Artificial intelligence (AI) techniques such as neural networks and machine learning have been used for many years to improve the detection of malicious code and other threats within telecom traffic. The ability of such approaches to establish what normal patterns of traffic look like -- so as to flag abnormalities that might indicate an attack, or to characterize the behavior of systems after they have become infected with malware, so that it is possible to diagnose similar problems in other systems -- is undoubtedly a useful weapon in the fight against hackers and other malicious actors.
And AI has the potential to go further in support of telecom security. For instance, flagging that a denial of service or distributed denial of service (DoS/DDoS) attack has begun is one thing; automatically taking appropriate remediation actions based on the AI system's reasoning of what "appropriate" means is something different.
Vendors of DDoS prevention and mitigation solutions aren’t all sure that removing the human security analyst from this chain of events is a good thing: The consequences of a "false positive" identification of an attack, resulting in incorrect blocking or diverting traffic from certain sources, or of a certain type, can have serious consequences for a telco -- not least in terms of revenue. AI systems that can immediately present a human security analyst with the right type of data on which to base a decision, and perhaps a recommendation for three actions that could be taken, based on a machine learning model, seem a useful approach.
But other security management activities could be even more automated with the help of AI. To understand why in some cases the speed and accuracy of AI is appropriate, it is helpful to think about the threat and vulnerability context in which telcos find themselves at any given time.
The telecom industry has evolved from one where technologies and networks were largely proprietary and partners were trusted, to one that is much more open. This increases both the vulnerability of telco systems and exposes them to more threats. By putting in place new security-hardened networks, and deploying security products and functions, operators can reduce their vulnerability, but their control over threats is more limited.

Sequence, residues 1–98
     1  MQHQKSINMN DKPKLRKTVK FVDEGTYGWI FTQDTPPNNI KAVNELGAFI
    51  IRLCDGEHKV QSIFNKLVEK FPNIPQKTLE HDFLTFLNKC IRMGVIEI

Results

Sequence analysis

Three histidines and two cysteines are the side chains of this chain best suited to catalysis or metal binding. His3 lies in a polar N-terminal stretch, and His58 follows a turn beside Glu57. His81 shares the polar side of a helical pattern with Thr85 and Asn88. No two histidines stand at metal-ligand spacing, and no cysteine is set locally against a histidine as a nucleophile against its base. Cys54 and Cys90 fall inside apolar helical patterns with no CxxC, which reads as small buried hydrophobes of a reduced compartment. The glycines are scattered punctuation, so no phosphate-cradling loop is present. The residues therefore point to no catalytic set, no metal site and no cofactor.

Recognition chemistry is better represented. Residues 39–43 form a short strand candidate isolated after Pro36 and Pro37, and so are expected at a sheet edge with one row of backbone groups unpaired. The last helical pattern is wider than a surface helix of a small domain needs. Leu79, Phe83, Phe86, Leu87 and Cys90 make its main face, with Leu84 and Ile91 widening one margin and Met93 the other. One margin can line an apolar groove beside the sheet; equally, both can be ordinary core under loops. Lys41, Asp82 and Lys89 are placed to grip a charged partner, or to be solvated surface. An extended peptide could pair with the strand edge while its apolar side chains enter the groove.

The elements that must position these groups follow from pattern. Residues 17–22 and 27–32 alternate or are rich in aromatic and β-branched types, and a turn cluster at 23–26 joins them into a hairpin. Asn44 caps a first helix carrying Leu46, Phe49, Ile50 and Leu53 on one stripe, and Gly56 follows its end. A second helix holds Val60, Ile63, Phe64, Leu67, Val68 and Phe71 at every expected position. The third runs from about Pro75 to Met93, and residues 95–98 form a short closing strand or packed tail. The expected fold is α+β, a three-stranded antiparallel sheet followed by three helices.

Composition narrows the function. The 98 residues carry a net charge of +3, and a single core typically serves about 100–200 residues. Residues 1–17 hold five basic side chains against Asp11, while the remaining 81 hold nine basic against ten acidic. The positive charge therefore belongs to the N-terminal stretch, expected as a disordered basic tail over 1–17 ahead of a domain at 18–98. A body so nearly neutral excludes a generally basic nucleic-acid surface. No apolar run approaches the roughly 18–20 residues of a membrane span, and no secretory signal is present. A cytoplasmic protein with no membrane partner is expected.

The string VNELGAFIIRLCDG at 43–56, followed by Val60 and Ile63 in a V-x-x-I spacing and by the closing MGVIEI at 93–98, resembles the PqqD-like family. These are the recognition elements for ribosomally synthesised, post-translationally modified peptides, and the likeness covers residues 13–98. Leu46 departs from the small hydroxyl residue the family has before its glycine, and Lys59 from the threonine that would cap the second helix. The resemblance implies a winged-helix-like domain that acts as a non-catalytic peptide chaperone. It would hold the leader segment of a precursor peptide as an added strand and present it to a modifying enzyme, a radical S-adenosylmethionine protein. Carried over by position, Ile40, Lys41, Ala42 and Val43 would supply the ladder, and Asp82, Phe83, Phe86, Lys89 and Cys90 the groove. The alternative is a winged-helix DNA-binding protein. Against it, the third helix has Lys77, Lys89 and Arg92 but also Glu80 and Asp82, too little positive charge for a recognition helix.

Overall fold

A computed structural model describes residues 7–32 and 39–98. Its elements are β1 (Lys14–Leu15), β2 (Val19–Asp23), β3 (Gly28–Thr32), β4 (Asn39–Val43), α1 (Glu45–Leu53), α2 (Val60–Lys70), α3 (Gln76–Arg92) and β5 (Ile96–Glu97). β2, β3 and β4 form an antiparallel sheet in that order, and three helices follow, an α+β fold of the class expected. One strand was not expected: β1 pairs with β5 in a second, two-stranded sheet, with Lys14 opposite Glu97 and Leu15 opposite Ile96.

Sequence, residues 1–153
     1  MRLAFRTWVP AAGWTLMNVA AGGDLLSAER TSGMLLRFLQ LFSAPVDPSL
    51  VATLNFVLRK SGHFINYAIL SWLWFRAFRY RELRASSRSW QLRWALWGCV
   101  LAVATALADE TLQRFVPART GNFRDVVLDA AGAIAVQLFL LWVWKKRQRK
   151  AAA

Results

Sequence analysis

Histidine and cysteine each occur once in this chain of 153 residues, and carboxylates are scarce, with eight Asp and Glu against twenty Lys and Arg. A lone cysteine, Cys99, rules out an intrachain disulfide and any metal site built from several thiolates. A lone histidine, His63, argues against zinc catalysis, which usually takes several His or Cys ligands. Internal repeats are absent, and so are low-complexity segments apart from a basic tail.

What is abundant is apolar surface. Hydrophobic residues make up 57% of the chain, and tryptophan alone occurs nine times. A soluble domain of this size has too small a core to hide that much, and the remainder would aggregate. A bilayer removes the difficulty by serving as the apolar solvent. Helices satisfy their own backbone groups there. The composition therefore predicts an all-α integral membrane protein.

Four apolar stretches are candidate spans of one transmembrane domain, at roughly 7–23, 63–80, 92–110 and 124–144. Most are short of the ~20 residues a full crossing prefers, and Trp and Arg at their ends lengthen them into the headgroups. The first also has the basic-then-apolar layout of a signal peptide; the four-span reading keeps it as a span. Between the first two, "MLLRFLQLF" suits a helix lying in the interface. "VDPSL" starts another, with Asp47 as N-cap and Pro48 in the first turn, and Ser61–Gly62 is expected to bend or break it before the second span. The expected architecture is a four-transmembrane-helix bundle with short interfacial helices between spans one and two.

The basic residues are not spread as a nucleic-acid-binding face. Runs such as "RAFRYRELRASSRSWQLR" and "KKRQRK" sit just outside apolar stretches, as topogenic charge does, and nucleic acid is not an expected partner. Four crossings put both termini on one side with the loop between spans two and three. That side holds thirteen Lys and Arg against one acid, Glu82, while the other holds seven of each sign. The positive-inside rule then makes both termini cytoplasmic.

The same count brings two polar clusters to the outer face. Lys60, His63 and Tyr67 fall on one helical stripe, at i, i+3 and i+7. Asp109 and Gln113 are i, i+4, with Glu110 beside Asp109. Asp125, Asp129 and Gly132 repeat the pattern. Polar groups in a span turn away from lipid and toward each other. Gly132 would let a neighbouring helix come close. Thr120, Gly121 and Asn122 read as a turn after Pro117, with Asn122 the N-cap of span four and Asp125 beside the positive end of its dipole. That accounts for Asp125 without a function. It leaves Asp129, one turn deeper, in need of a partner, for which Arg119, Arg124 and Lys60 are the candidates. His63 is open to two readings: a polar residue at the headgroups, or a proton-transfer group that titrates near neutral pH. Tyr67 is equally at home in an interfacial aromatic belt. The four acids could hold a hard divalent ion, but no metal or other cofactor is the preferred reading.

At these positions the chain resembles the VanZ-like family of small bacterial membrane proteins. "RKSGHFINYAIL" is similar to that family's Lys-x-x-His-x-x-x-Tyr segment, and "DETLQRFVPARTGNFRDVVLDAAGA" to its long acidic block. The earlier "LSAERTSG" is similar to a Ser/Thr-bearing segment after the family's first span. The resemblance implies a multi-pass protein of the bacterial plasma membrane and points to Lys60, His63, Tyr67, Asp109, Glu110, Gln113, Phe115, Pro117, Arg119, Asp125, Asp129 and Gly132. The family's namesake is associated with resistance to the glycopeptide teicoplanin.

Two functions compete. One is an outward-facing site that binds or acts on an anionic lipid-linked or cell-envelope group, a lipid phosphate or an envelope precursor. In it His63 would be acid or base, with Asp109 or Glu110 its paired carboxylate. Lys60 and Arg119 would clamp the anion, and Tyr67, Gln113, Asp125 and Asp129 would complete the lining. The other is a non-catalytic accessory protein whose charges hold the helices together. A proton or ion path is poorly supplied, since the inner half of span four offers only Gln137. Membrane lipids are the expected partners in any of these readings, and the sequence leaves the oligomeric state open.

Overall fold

The ability of AI to carry out complex analysis on high volumes of data very quickly, and to come to decisions about what is a threat, is something that is continually developing as traffic and the nature of threats change. One recent hot area of activity is in baselining of the behavior of devices connected to the Internet of Things (IoT). Here many established vendors and AI startups are developing solutions that will help operators to manage IoT devices and services more securely, making use of automatic profiling of those devices. More widely, application-level anomaly detection using local models of behavior on devices themselves, periodically updated from a central, cloud-based AI system, will help more rapid action in response to threats.
Heavy Reading’s Telecom Security Market Tracker, published in PowerPoint format, analyzes and forecasts the global market for cybersecurity solutions sold to communications service providers (CSPs). It maps available security solutions onto CSP domains, and profiles leading vendors of security solutions sold to CSPs -- both to protect their own networks and to enable them to provide managed security services to their customers.
— Danny Dicks, Contributing Analyst, Heavy Reading